In the Torah it says that Hashem changed Avraham’s (Abraham) name from Avram to Avraham at the time of his circumcision. In keeping with that tradition, a Jewish boy is given his Hebrew name at the time of his Bris Milah. Judaism places a great deal of significance on a child’s Hebrew name.
A Hebrew name is a gift which lasts a lifetime. It is a symbol of Jewish identity and a banner your child will honor and cherish, linking him to his family heritage. It is often customary to name the child after someone who led a righteous life so that the child will try to emulate that individual. Ashkenazi Jews often name their children after a dearly departed relative, while Sephardic Jews sometimes name their children in honor of living relatives. In the case of someone who died at a young age, another name referring to life, or the name of a person who lived a full life is added. Consulting with your Rabbi or spiritual advisor is always commendable with regard to your customs.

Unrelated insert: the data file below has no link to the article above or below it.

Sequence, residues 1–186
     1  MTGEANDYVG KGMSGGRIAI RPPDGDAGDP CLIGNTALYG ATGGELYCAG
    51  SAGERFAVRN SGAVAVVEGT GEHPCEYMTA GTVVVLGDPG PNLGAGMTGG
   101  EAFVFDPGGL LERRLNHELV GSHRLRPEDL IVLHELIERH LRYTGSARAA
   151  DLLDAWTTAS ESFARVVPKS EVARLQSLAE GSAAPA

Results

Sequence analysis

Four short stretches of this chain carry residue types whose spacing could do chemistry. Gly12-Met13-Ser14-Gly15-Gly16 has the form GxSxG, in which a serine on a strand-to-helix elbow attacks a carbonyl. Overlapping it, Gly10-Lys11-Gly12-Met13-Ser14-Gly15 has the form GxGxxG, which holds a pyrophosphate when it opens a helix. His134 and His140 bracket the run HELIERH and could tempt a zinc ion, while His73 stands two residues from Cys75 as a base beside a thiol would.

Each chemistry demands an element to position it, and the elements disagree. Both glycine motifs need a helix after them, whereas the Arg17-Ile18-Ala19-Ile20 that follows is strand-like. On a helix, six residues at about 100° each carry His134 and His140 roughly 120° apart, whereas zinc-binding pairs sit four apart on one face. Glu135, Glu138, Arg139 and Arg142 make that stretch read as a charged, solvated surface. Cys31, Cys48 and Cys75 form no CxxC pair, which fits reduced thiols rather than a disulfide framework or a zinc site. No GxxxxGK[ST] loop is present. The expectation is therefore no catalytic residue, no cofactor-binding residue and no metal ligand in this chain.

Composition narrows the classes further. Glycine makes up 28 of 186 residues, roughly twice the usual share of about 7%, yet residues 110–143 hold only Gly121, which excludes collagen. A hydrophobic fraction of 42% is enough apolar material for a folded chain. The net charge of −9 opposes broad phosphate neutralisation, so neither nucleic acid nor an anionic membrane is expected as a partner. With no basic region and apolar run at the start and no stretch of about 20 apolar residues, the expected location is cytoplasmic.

WHEN TO DELAY A BRIS MILAH
A Bris Milah is never performed if it poses any danger to the infant. The doctor and/or mohel’s advice to delay a Bris for health reasons should always be heeded. In case of jaundice (yellow pigmentation of the skin), the bris cannot be performed; it is delayed until the bilirubin in the blood drops to a safe level. The bris may then be performed without endangering the child. In cases of some illnesses, a delay of seven days following full recovery is required. It is forbidden to postpone the bris for any reason other than health of the child, or in order to obtain a proper Mohel. It is the responsibility of the Mohel, in consultation with the doctor and the family, to determine if a delay is necessary according to Jewish law.